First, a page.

When the people of Uttar Pradesh nixed traditional voting patterns in the state and elected Mayawati as the Chief Minister earlier this year, we hoped — and frankly expected — that the BSP leader would now finally, with three ‘trial chief ministerships’ under her belt, settle down to bring good governance and progress to UP. With the kind of mandate she received, Mayawati had no need any more to go along the usual path of ‘political reactionism’ — that is wiping everything off the table that was there during her predecessor and arch-rival Mulayam Singh Yadav’s chief ministership. The tit-for-tat-for-tit-for-tat routine had not only become tiresome, but it also ensured that no leader — as well as the army of his or her followers in the form of politicians or bureaucrats — would invest any real energy in the development of UP itself. Mayawati didn’t need to go on a vengeance-is-mine trail. And yet, it seems she has.
Before this week, the BSP government had already cancelled 6,504 and 3,964 police recruitments in two instalments after an inquiry committee reportedly detected irregularities in the selection process. This week, another 7,400 recruits joined the blacklist. Turning out ‘Mulayam’s policemen’ is just one in the litany of actions taken by the ‘Reformist’ (‘Counter-Reformist’?) Mayawati. Her blocking of Reliance Retail in UP is not only political in nature but with an ‘SP-friendly’ Ambani in the equation, it also smacks of the personal.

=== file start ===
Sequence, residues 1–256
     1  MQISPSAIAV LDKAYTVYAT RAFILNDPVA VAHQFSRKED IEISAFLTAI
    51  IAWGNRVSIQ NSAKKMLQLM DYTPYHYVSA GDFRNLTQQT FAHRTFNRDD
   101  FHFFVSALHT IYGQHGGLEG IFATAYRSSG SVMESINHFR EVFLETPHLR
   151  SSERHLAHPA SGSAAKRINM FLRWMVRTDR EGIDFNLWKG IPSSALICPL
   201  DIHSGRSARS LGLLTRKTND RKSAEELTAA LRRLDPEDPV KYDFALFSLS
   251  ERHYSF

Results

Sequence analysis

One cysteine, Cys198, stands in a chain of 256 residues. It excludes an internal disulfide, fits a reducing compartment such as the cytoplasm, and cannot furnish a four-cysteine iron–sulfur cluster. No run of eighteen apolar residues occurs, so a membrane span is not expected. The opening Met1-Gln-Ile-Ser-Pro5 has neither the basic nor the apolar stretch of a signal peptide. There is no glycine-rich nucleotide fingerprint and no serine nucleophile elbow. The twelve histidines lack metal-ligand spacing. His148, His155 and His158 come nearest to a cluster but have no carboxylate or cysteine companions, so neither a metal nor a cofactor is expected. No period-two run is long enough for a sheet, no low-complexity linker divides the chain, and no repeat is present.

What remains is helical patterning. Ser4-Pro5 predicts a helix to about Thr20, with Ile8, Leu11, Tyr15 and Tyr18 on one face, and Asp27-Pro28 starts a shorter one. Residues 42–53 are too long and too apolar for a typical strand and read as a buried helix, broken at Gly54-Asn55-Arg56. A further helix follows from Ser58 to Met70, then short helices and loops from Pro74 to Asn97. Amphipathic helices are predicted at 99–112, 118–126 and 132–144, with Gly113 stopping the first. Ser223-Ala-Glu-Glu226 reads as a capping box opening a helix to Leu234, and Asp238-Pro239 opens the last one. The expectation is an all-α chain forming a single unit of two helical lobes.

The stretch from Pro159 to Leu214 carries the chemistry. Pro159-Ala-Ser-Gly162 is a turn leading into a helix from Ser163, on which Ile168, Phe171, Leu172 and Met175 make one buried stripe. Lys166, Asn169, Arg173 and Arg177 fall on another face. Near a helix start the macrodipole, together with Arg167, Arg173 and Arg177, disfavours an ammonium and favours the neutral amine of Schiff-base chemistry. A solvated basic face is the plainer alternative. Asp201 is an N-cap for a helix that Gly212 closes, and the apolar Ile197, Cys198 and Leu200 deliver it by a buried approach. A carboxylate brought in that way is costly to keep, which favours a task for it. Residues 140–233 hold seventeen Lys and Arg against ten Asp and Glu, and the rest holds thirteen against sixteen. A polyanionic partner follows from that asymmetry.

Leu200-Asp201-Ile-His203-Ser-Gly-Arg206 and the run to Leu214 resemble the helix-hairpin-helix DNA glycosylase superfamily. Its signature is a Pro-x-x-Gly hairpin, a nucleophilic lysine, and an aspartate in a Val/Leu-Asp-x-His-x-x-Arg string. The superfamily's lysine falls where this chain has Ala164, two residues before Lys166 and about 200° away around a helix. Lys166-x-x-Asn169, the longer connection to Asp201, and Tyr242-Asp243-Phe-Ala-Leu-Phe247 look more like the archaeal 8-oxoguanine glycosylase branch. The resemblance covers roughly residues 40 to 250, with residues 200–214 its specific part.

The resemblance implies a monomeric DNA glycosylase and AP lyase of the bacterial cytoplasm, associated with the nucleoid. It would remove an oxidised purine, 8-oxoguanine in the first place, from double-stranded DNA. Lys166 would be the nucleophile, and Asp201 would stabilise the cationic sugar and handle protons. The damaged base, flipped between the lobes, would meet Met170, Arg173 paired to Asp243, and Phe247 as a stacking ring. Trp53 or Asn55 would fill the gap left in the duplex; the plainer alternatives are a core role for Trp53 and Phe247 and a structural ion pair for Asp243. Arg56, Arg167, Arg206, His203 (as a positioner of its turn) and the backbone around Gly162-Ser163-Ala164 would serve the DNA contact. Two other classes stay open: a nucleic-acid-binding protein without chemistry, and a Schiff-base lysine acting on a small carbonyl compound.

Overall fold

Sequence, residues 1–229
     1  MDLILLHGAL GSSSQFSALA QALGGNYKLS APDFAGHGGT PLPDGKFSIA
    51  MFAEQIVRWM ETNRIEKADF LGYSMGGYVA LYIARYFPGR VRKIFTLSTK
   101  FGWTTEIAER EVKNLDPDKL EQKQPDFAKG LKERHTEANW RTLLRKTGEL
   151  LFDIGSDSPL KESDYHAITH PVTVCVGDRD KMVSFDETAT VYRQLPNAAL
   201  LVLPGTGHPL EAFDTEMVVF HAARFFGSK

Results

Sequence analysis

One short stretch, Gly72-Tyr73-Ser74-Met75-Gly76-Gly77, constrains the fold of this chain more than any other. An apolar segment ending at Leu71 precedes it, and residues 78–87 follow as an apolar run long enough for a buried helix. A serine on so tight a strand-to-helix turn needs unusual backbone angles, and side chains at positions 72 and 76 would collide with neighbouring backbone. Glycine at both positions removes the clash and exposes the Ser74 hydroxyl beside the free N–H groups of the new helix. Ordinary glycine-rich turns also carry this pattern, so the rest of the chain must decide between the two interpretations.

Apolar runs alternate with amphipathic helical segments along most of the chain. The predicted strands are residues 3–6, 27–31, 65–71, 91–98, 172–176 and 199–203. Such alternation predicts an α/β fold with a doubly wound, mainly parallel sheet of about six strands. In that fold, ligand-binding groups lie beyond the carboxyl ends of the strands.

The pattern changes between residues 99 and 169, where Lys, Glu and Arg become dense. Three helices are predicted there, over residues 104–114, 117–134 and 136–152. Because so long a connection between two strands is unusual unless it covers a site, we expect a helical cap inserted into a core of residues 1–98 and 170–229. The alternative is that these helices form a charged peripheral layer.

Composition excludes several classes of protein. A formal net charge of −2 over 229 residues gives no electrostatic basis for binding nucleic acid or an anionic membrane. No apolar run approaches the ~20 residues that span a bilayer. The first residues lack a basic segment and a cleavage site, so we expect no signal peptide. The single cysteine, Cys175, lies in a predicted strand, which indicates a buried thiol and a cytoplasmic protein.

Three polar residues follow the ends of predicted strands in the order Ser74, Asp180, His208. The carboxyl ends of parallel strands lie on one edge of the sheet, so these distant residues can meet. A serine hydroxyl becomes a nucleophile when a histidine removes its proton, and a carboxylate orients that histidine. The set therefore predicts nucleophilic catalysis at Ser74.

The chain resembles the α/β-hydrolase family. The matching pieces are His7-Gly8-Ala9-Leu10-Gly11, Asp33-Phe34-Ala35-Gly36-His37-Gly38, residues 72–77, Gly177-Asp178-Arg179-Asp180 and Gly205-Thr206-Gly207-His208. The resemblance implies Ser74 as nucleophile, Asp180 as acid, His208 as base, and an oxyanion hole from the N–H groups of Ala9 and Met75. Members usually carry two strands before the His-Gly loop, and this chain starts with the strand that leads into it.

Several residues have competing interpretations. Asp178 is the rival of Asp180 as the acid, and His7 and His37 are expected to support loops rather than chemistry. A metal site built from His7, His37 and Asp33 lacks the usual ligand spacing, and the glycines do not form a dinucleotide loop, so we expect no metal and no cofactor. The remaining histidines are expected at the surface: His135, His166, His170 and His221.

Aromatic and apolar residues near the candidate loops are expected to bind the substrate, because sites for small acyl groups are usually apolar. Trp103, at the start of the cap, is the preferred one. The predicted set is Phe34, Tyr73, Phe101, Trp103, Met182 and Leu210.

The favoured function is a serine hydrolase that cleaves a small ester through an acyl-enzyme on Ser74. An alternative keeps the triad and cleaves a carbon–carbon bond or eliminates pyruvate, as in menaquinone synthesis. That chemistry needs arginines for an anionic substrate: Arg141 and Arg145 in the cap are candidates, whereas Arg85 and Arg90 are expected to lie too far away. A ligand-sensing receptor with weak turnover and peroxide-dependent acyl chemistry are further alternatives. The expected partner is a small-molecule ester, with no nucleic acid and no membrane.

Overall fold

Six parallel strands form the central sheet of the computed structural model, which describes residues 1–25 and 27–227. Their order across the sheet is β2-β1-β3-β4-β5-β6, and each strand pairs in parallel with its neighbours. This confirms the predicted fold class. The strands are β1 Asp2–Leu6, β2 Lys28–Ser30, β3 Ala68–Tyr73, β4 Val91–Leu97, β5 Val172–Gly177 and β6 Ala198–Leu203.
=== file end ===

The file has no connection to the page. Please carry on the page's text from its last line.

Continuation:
And just to emphasise the fact that names closely associated with the previous regime will find themselves luckless, Lucknow has asked Amitabh Bachchan to explain what the basis for his election slogan on television — UP me hai dum, jurm hai yahan kam — was. This is curious, considering that one would have thought that if there was an explanation to be sought, it should have been from the Uttar Pradesh Development Council and not one individual endorser. With Mayawati’s latest actions, even deja vu seems like old hat. But one can’t help but fervently hope that she will get tired of playing ‘It’s my turn now!’ and focus on the job she was elected to do.